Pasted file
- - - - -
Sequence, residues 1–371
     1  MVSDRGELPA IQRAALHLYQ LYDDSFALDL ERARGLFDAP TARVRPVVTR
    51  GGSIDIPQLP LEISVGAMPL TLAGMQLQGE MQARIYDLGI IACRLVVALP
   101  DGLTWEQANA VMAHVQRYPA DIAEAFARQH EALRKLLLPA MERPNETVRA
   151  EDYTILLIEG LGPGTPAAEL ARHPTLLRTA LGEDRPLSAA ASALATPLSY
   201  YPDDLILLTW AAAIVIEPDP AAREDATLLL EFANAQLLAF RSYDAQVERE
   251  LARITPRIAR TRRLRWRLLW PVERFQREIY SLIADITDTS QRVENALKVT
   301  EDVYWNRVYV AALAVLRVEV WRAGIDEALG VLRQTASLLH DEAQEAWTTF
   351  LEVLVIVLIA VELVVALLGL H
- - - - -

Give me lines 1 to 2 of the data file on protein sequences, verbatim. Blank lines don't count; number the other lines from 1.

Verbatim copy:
Sequence, residues 1–371
     1  MVSDRGELPA IQRAALHLYQ LYDDSFALDL ERARGLFDAP TARVRPVVTR